Television’s J. R. Ewing put Dallas on the map. Before him it was just a spot where the Trinity River sat down to take a break as it wandered across the high desert plains. Now venture capitalists like Ed Olkkola, a general partner at Austin Ventures (AV), have turned Dallas into a mining town, searching for gold nuggets in the form of communications startups.
AV, with more than $3.1 billion under management, set off a stampede of venture investing in the Lone Star State. Venture investment in Texas grew to $4.46 billion from $987.8 million over the past five years, according to Venture Economics (VE), publisher of Venture Capital Journal. That represents 45% annualized growth compared to 25% for the entire nation.
Olkkola’s stomping ground is the Dallas area, known for its wealth of communications companies. He opened an office in the Dallas suburb of Richardson in 2000 and has put $148.2 million to work in Texas-based companies. If you’re trying to put together a communications deal in the area, Olkkola is the man to see.
Historically, Austin has been the Texas hotspot, but the North Dallas communications market is coming on strong. In fact, Dallas was the seventh most active region of investment in the nation in the third quarter of last year (with 18 companies pulling in $371 million), beating out Austin, (No. 10, with 23 companies attracting $229 million), according to VE.
Olkkola, 43, joined AV in September 1998. It didn’t take him long to rack up his first hit. He invested $3 million in Agere, a maker of network processors, in Nov. 1998 and sold it to Lucent Technologies Inc. for $415 million 17 months later, according to VE.
Olkkola was previously with Compaq Computer Corp., where he was vice president of business development and invested in the communications sector on behalf of the company. He’s been a venture capitalist for the past 17 years 14 of them in corporate settings like Compaq and Motorola. It was at Compaq and Motorola that he knocked out most of his homers, including Ramp Networks, Raptor Networks, and Stratacom.
He says he was drawn to AV because venture deals were the best part of the Compaq job and he enjoys building relationships with CEOs. “Being a CEO is the loneliest job in the world,” he says. “What the CEO really needs to have is someone that they can talk to on a confidential basis.”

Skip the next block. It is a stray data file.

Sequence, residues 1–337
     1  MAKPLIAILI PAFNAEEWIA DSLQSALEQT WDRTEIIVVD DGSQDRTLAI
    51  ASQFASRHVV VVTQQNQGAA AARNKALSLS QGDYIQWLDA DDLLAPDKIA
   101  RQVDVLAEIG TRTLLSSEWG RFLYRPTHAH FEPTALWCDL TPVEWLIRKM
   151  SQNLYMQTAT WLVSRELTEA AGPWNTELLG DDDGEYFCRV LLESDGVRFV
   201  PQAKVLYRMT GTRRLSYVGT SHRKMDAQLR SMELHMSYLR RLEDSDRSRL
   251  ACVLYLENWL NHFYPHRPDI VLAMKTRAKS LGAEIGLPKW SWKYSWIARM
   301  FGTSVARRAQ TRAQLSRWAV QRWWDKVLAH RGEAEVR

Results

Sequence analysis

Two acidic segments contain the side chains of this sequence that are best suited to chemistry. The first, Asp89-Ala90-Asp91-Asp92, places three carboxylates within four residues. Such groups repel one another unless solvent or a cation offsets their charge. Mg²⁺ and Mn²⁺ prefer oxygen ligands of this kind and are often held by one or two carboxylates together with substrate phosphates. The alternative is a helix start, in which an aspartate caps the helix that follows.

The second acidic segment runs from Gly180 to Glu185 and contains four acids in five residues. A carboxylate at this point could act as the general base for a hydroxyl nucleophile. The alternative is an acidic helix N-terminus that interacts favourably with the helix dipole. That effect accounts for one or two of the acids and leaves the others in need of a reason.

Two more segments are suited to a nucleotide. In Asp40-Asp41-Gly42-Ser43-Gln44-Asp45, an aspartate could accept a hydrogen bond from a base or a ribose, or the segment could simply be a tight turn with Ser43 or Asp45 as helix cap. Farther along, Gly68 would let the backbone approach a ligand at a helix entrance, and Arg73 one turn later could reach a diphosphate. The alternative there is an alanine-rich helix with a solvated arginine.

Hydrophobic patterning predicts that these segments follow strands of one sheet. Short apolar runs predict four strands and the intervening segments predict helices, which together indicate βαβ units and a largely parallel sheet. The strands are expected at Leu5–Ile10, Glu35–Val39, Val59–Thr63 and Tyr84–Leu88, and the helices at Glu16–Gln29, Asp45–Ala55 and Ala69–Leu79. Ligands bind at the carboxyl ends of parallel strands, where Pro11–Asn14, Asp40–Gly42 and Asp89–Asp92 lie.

Chief executives Olkkola’s portfolio companies can’t say enough about him. “Ed is the kind of guy that when you talk to him on the phone and tell him you’re going in for an important meeting with a customer or investor, he says, Call me, I can be on a plane in two-hour’s notice,'” says David Heard, CEO of Santera Systems Inc.
“In our last funding round, he was instrumental in getting people to answer phone calls and respond to us in 24 hours,” says Alastair Westgarth, CEO of Navini Networks Inc. “If you want to get a decision made, you need to get to the decision-makers quickly. He’s done that.”
Olkkola’s CEOs list multiple technology strategies and capitalization ideas he has contributed.
“Ed almost always comes up with something the rest of us have not considered,” says Scott Grout, CEO of Chorum Technologies.
For example, Heard was trying to figure out how to refine and build Santera’s wireline business and broaden its other offerings when Olkkola suggested he spin out the wireless technology into a new company. That’s just what he did, creating Spatial Wireless Inc., which is backed by new investors and Santera, Heard says.
Going forward, VCs will find repeat entrepreneurs and venture-minded engineers in Austin, but they will have to wait a little longer for Dallas to mature.
But, nothing inspires engineers to start companies like watching their neighbors get rich. Who knows? Maybe one of Olkkola’s portfolio companies will be the first big hit to turn the stampeding VCs and entrepreneurs – toward Dallas. With Santera collecting another $110 million of venture funding in August, the Dallas market creeps ever closer to the inflection point.
“Austin has been the fastest growing market in five years,” says John Thornton, a general partner at AV. “Dallas is where Austin was five years ago. The most active investor in that market has to be influential.” That’s just what Olkkola aims to be.
General Partner, Austin Ventures
Investment Focus: Optical networking, switching products, wireless, network infrastructure and voice-over DSL
Biggest Hits: Agere Systems (bought by Lucent), Extreme Networks (NASDAQ: EXTR), Ramp Networks (bought by Nokia), Raptor Networks (bought by Axent) and Stratacom (bought by Cisco).
Board Seats: Broadcloud, Chorum Technologies, Genesis Campus, Netrake, Santera, and TelOptica (13 total).
Years as a VC: 17
Did you know? At Motorola, Olkkola’s group once had the chance to acquire a little company named Cisco. His boss passed.